The two neuroendocrine systems in this context are the sympathetic-adreno-medullary system (SAM) and the hypothalamus-pituitary-adrenal system (HPA). For decades measurements of these two systems have formed the basis for psychoneuroendocrine stress research starting with Cannon (SAM) and Selye (HPA).2 3 Differences between people in HPA activity have been found in cortisol excretion at baseline and reactivity during work. Especially the morning baseline concentrations were found to increase with chronic or traumatic stress, and were shown to be associated with genetic and personality traits.4 The SAM activity is measured by concentrations of peripheral catecholamines and indicates general arousal reflecting the acute mental (adrenaline) and physical (noradrenaline) workload to which the subject is exposed. Thus, the reactivity of the neuroendocrine system is different when mental or physical exertion is asked for, and the excretion rates of adrenaline, noradrenaline, and cortisol could be seen as indicators of the effect of different task and environmental demands on healthy people. A further distinction exists between acute and chronic effects, and these effects may depend upon short term and long term demands.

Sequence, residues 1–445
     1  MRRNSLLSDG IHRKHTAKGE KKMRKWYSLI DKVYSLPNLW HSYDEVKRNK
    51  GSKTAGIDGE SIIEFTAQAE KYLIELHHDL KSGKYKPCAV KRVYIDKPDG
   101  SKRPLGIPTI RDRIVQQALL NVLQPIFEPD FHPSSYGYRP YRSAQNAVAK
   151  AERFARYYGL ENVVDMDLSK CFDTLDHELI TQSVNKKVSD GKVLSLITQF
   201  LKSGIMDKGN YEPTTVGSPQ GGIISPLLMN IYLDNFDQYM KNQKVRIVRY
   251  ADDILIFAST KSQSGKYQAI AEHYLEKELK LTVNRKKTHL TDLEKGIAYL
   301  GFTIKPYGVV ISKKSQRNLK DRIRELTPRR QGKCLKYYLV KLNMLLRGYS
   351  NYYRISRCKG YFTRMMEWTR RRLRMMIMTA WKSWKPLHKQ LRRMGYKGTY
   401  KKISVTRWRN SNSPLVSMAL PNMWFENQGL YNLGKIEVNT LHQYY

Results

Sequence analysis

Reactivity and recovery are time and activity dependent, and both psychological and physiological body systems react at different speeds and at different times. Most studies use different time lags to assess their recovery variables. Because working life is most often organised in fixed time schedules, and to facilitate the comparison of outcomes in the different studies a categorisation of recovery time is proposed:
In this study, the different categories have been defined.
Reactivity is the time during which a task or activity is performed. Because of the micropauses that people take during performance of a task, reactivity is partly entangled with what might be called microrecovery. The first minutes after performance of a task might be seen as microrecovery. Mesorecovery includes the recovery period between 10 minutes and about 1 hour after performance of a task. Metarecovery is the time to recover from performance of a task that occurs between 2 days or periods of work. This period starts about 1 hour after work—for example, the evening, or overnight—and may expand to 2 days (weekend period). Finally, macrorecovery is defined as that period which begins 2 days after performance of a task.